The Cactus Patch
THE NEWSLETTER OF THE BAKERSFIELD CACTUS & SUCCULENT SOCIETY
Volume 7       May 2004      Number 5

Diversity
A Letter From Bruce
by Bruce Hargreaves

On 2nd April they celebrated Cultural Diversity Day at the University. We continue to see this in action. On 20th March we went to a concert with musicians from South Africa, Botswana, Zimbabwe and Malawi. The audience didn't seem to appreciate Malawian music as much as the others, but it made Polly and me homesick. The concert was great despite starting after 11 (with an advertised 7 start!)

On the 26th March our choir presented an "Italian Evening" at the Blue Tree Restaurant. The food was lousy, but the audience didn't seem to mind. I never knew there were so many Italians in Botswana. We also had President Mogae present.

The next evening, Capital Players had a dinner to celebrate their 40th anniversary. Their roots are even older as they hived off from the MADS (Mafeking Amateur Dramatic Society) when British administrators were transferred to Gaborone just before independence. The film club has been running a series of Swedish films. Again, our usually meager audience was swollen - this time by Swedes. Where do all these people hide in the daytime?

The Maitisong Festival began on 16th April with a show portraying the first woman to become Kgosi (chief) in Botswana last year. The next night our choir was one of many at a festival concert. Unfortunately we had to miss the rest of the shows, including the Ladysmith Black Mambazo, as we flew on to the islands of the Singing Dogs on the 18th. (We finally got our tickets on the 23rd of March.) See you in Bakersfield in May.

It is interesting how succulents pop up in unexpected literature. Recently I read "The Lost Dinosaurs of Egypt" (William Nothdurft with Joshua Smith et al., 2003, Random House, N.Y.) and was fascinated by the last chapter which describes the environment of the Cretaceous dinosaur Paralition stromeri which they dug up in the Western Desert of Egypt. At the time of the dinosaur the area was a seashore with mangrove-like ferns providing food for the animals. Remarkably, the fern (Weichselia) was xerophytic (adapted to dry conditions). This was because salt water was not usable by the fern. The authors compare this to cacti in the everglades.

Another book with an interesting reference is "The Sleepers of Erin" (Jonathan Gash, 1994 in Lovejoy -- an Omnibus, Grange Books, London). The fictitious Lovejoy is a philandering antique expert of dubious morals. All of the Lovejoy books are delightful.

‘A copy.’

‘But laboratory tests show it to be an original eighteenth-century oil of a seafarer, Lovejoy….’

‘Oh, John Tradescant was a seafarer all right…. And it's old. But a famous building off Trafalgar Square'll be very cross if you go telling fibs, mate. They've got the original.’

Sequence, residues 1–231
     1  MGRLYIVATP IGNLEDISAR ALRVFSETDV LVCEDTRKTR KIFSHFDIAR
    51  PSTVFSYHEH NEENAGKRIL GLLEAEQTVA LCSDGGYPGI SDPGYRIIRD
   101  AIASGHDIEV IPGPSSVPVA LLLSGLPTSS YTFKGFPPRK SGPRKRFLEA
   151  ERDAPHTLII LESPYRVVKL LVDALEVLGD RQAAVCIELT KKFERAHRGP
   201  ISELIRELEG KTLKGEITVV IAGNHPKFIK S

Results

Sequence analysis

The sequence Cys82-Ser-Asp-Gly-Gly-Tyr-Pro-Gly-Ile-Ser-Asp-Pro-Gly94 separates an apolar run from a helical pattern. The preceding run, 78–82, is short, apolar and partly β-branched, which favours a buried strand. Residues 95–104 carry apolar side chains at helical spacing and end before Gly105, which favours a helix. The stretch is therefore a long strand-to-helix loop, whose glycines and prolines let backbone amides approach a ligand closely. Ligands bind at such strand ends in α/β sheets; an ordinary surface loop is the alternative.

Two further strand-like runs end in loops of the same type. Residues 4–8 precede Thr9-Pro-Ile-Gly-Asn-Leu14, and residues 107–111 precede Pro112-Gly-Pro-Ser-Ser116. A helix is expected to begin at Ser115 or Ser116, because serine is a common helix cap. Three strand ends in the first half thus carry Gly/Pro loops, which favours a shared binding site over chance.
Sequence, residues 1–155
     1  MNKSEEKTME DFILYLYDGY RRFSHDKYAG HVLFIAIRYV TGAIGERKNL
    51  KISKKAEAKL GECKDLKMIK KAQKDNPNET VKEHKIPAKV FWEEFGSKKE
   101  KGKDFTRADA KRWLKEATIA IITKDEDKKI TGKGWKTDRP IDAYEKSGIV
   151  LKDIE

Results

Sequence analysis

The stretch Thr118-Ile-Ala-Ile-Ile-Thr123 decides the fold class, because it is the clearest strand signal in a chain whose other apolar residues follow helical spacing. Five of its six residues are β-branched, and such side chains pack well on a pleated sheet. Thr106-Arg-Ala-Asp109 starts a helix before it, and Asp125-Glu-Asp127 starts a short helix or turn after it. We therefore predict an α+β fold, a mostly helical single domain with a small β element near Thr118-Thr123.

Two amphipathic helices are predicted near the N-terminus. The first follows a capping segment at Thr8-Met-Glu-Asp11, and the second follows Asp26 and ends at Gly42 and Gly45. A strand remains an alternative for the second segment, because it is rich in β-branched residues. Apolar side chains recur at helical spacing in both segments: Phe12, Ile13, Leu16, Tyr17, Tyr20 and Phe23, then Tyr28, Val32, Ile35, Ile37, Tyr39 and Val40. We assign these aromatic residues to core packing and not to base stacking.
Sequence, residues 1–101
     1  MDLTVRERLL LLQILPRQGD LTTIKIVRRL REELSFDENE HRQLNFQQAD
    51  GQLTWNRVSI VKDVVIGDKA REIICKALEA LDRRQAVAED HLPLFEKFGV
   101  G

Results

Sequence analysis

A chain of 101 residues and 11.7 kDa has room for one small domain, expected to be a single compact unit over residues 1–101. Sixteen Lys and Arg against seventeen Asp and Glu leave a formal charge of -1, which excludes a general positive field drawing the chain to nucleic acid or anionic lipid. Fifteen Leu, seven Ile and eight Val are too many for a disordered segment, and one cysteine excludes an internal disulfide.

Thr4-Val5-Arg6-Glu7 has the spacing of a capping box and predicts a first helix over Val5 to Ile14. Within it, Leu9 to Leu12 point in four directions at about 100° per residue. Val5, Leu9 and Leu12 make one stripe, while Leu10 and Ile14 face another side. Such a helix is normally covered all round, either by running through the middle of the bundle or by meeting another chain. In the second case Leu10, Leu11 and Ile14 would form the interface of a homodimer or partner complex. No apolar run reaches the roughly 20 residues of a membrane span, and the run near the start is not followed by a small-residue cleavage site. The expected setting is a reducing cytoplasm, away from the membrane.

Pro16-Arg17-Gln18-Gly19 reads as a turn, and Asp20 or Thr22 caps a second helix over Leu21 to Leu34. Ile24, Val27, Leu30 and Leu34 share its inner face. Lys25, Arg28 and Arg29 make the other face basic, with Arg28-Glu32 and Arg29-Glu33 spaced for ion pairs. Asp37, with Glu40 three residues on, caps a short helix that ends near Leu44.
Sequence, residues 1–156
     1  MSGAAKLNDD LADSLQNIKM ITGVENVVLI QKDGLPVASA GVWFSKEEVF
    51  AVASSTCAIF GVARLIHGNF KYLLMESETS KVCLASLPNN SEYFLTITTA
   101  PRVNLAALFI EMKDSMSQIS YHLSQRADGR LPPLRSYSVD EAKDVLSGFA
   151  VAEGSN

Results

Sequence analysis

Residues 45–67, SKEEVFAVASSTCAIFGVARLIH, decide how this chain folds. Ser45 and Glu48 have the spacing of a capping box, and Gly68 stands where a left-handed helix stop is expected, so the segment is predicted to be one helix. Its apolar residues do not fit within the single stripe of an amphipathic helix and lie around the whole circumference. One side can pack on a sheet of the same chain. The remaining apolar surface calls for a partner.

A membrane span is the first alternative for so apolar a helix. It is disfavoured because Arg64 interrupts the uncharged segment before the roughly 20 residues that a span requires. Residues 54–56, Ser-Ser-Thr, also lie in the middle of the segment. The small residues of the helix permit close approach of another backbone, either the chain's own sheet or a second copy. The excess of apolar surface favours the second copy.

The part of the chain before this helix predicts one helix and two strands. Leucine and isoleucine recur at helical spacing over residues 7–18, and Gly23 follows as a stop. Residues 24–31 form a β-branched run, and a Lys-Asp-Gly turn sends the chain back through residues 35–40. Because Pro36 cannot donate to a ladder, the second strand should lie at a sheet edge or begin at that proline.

‘John who?’ I was enjoying myself.

‘Tradescant only sailed about to nick seeds, bulbs, plants, anything that grew. His dad was as bad. He even raided the Mediterranean pirates to get a bush or two. Between them they introduced a load of stuff - apricots, Persian Lilac, Michaelmas daisies, the larch. They did Russia, the American colonies, North Africa. Tradescant's collection became the Ashmolean at Oxford.’ The old copyist had got Tradescant's wryly wicked smile just right, but the date of 1612 was a shade earlyish.

‘A copy?’

‘Don't knock copyists. Turner himself started out as one.’

It's a daft joke we play on ourselves, really. Find a genuine flower painting by Palice and it's not worth a fiftieth of the price of a Turner copy.'

Incidentally, for those who don't recognise the name Tradescant, look for a genus in the Commelinaceae.

A third book (of the many I've read while on "leave") is "Origins Reconsidered" (Richard Leakey & Roger Lewin, 1993, Abacus, London). Toward the end he describes a camp of Homo erectus on the bank of a stream next to Lake Turkana. (This is loosely based on archaeology of the site.)

Back at camp a couple of women and a man engage in idle chatter, keeping an eye on the young child who did not accompany the hunting or foraging group. Yesterday, while he was stealthily tracking a young antelope, the man has slipped down a slope and gashed his leg on a jagged piece of lava. The hunt temporarily interrupted, his brothers tendered first aid. One of them searched for a clump of sansevieria, a succulent plant that grows around the lake. From some broken fronds, he twisted the juices, letting them drip on the open wound. The brother knew that unless he applied this natural medicine, the wound would become very red and the young man might die. Another stripped some thorns from a nearby acacia and began arranging them across the wound, piercing both sides of the gash. Thin strips of bark looped on alternate sides of the thorns drew the flesh together. First aid completed, the brothers continued on their way. Today, although the wound is sore, it looks clean, with little redness. The sansevieria worked, of course, he indicates to the women.

We continue to have cool days with occasional rain. This is a bit unusual for Botswana and probably too late for crops, but at least the depleted reservoirs should be filling.


The picture shows Sansevieria aethiopica in fruit in the
Botswana Botanic Garden where it occurs naturally.

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